The British family in the press spotlight today after a burglar died following chokehold restraint in their villa in Vilamoura has been described by detectives as “very upset”.
“They have been through a very bad time,” a source for the Polícia Judiciária told the Resident. “And it could obviously get worse. They are worried, of course.”
Nonetheless, the family of three – parents in their 50s and a son in his 20s – is facing no charges for the time being, and should any of them wish to return to England they are perfectly at liberty to do so.
“They would only have to tell us where they are going,” said the spokesman, who explained it is not up to the PJ to decide whether the force restraining the burglar – caught red-handed in the early hours of Sunday morning – was excessive or proportionate.
That decision lies with the Public Ministry, which is awaiting the results of the autopsy.
Meantime, the PJ source told us that the thief, a Portuguese national, was well known to police, and had previously been to prison.
Whether he was known for crimes involving violence was not established.
“I do not know his file from memory,” said the source. “All I can confirm is that he was known, he had a criminal record and he had previously been to jail.”
An autopsy – which may or may not prove any culpability on the part of the British men who restrained the burglar – is not expected for “at least two days”.
The source explained that the Institute of Legal Medicine was an “outside entity”, not bound by any kind of deadlines. “We just have to wait,” he said.
The PJ are not authorised to give “abstract” information, like general advice to homeowners who find themselves confronted with a burglar, but, in this case, as Sky News’ crime correspondent Martin Brunt has explained: “It all boils down to how much self-defence a homeowner is allowed to use.”
In this case, it was the father and son who restrained the burglar as the mother phoned for help to the GNR.
Correio da Manhã newspaper broke the story this morning, saying the men got the burglar “from the back, with one of them having an arm around the man’s neck, in a chokehold”.
When GNR agents arrived at the villa – “at the entrance to Vilamoura” resort, the man was alive. But when they “prepared” to put him in handcuffs, he “collapsed and died”, said CM.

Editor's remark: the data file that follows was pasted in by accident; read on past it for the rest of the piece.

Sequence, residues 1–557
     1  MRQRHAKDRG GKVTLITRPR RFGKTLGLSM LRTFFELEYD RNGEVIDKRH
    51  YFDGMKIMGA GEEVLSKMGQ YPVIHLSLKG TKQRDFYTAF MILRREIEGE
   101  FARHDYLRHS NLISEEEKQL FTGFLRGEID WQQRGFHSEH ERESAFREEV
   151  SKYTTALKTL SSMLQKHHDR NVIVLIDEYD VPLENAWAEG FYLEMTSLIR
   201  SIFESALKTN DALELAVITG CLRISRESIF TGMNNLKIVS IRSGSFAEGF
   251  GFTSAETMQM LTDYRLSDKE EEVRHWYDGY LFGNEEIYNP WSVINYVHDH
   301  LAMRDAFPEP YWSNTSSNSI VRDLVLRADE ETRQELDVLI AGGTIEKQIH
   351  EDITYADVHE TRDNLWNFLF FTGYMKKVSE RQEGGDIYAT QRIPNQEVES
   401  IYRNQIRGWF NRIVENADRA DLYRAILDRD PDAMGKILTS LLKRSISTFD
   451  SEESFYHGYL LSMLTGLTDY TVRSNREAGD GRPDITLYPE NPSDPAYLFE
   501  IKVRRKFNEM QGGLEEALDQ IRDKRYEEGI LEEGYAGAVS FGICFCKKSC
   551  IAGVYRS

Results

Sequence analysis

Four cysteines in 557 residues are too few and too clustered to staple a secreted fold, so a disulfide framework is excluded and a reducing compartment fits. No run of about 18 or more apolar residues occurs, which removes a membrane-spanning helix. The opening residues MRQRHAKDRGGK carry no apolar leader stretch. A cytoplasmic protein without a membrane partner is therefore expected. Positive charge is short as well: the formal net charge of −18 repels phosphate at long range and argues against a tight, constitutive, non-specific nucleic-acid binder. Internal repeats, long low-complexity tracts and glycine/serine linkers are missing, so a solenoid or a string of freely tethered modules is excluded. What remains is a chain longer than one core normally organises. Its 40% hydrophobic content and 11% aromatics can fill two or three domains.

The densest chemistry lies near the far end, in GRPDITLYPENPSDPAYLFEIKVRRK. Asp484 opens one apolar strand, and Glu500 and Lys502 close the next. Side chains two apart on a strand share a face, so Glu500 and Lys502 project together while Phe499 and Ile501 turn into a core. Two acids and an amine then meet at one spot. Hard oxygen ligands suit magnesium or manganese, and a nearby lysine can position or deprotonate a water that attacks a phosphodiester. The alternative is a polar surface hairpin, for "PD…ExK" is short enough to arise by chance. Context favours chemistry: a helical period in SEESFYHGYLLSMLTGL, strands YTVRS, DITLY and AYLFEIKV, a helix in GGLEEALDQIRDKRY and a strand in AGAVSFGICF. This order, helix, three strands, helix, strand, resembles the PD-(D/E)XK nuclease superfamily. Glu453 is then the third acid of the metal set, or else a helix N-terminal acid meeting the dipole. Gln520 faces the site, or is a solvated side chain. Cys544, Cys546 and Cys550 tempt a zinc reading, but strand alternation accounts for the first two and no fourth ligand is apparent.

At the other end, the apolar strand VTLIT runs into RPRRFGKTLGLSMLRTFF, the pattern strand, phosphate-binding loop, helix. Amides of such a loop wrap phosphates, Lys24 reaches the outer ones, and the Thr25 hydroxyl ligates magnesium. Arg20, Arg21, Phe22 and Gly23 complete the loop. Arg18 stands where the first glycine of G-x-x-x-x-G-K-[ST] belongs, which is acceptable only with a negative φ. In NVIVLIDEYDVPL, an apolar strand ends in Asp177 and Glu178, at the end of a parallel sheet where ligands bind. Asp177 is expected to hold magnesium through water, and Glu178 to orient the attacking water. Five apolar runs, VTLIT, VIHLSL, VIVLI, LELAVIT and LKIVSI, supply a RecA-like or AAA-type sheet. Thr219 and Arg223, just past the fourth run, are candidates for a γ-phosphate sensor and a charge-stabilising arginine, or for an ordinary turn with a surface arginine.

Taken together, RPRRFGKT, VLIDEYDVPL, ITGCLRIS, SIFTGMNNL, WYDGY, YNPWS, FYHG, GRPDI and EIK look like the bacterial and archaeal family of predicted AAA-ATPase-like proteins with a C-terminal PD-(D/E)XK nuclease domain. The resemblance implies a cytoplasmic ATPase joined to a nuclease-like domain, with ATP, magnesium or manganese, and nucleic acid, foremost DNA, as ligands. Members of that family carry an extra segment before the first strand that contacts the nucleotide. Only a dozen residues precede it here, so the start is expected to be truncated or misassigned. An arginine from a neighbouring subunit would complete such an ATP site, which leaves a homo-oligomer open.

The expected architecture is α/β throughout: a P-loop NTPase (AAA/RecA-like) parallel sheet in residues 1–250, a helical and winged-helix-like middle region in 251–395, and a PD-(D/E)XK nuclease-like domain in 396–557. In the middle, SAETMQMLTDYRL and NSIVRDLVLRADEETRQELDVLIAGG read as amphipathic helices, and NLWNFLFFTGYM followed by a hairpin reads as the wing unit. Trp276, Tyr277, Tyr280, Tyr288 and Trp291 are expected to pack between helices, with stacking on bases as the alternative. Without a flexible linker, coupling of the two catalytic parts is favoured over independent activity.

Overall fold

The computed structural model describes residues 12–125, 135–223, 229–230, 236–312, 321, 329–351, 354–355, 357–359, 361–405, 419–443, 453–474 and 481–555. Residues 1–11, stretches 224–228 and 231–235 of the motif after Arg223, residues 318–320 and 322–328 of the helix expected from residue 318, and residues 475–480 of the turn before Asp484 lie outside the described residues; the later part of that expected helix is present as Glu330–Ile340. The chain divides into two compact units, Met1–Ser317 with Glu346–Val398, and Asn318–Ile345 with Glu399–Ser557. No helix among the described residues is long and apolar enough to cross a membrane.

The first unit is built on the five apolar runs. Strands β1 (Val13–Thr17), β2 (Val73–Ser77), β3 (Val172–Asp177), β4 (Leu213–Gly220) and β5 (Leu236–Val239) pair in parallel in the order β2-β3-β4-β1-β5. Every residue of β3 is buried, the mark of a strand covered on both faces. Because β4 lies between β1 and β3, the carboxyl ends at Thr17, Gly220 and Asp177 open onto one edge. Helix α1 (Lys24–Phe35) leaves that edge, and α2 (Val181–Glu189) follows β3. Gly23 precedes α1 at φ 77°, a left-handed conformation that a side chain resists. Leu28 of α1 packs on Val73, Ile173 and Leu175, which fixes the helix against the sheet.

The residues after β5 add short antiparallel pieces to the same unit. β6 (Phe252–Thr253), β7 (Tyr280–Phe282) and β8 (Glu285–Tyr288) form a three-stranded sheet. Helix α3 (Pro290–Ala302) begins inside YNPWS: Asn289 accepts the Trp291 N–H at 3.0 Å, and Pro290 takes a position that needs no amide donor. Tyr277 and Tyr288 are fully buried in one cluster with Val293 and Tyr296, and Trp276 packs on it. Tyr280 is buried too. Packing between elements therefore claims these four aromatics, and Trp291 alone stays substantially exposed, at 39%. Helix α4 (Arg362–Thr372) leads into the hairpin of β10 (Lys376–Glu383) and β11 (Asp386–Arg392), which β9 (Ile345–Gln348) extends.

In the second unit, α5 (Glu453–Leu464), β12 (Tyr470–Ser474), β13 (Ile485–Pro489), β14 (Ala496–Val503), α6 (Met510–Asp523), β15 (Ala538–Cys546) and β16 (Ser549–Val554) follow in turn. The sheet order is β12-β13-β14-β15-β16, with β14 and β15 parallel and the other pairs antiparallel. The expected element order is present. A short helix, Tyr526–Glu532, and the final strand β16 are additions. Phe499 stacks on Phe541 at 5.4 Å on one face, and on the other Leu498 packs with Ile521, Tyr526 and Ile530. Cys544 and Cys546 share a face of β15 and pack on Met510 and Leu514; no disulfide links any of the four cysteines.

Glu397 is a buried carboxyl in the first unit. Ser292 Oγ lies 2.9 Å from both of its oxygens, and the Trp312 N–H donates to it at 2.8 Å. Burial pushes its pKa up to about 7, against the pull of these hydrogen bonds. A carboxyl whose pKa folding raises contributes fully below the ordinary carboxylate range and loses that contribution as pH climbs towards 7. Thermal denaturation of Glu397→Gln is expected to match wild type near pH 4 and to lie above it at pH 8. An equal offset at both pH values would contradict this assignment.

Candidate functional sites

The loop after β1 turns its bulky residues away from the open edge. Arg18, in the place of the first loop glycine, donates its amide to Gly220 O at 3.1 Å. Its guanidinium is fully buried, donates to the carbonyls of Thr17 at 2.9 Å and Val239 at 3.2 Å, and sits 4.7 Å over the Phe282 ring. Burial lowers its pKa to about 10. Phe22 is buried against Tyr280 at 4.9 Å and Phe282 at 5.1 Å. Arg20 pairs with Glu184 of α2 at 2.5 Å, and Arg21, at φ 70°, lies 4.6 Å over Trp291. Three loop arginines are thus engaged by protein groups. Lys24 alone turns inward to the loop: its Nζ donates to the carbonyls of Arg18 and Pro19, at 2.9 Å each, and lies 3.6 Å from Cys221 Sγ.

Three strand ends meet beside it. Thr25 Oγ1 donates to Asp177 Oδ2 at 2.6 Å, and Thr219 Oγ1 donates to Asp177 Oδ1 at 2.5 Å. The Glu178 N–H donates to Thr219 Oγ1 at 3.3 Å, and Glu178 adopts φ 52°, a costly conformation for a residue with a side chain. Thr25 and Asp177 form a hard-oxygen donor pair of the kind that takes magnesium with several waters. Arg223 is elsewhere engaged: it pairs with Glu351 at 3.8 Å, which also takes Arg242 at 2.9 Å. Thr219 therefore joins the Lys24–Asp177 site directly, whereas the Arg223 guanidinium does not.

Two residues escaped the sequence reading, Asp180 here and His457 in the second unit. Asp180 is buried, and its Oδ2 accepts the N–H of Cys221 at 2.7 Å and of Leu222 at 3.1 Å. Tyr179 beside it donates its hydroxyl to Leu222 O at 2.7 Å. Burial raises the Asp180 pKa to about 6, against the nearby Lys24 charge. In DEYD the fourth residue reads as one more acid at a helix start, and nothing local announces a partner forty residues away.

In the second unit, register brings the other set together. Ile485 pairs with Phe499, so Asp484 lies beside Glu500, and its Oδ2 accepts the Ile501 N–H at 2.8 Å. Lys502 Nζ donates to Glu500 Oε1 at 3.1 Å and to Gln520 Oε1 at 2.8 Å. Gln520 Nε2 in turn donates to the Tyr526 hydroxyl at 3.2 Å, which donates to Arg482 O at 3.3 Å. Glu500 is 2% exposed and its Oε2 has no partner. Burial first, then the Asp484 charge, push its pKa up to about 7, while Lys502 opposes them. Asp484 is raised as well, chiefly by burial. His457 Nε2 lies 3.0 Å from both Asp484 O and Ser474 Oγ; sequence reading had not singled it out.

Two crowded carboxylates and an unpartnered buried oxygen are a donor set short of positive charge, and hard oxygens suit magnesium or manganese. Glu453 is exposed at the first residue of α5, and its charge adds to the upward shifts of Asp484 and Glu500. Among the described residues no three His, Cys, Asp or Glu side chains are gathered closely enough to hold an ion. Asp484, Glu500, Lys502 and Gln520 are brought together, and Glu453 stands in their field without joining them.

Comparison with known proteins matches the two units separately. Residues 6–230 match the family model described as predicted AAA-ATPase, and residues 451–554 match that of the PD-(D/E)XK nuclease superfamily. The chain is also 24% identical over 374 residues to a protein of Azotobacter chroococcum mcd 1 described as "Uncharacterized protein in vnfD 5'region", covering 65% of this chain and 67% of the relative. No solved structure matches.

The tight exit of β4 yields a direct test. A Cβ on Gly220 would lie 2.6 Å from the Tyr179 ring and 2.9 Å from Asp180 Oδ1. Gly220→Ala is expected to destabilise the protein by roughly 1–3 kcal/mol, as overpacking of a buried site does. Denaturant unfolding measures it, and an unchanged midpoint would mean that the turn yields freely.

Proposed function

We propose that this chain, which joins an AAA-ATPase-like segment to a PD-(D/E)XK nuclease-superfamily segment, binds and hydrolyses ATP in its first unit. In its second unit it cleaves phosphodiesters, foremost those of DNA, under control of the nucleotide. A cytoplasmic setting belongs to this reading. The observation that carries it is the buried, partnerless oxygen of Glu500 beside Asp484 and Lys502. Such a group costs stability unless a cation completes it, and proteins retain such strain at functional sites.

A number of people commenting on stories that have since appeared in the press suggest the man was in the custody of Portuguese police at the moment he died and therefore the British men involved in restraining him should not be liable for any prosecution. But it cannot be as simple as that. If the autopsy finds he was the victim of disproportionate force, charges could follow.
As for the circumstances of the break-in, it appears the family were asleep when they were disturbed by noises made by the burglar, who was found to have a number of the possessions already in his pockets, including the keys to the owner’s Jaguar.
It is understood the family were “long-term” residents in Portugal.
Burglar dies in Vilamoura following “chokehold” from British father and son
A British family in Vilamoura has been thrust into the media spotlight this morning after foiling a robbery in which the thief died.
With details still sketchy, national tabloid Correio da Manhã explains the British family – parents in their 50s with one son in his 20s – found the thief in their home, located near the entrance to the resort, at 4am.
The man is described as having had a number of the family’s possessions in his pockets, including the key to their Jaguar car.
While the wife is reported to have phoned for police, the father and son “managed to immobilise the thief”, who was alive when the GNR arrived.
But at the point where agents “prepared” to put the man into handcuffs, he “collapsed and died”, writes the paper – stressing that one of the British men had been “securing him from the back, with an arm around the man’s neck in a chokehold”.
As the Resident attempts to get more information from police, the body of the thief is to be autopsied to determine cause of death.
It is not known at this point whether any of the British people involved will face any form of prosecution or further inquiry.
We are also unable to give details, for now, on the identities of the British people involved.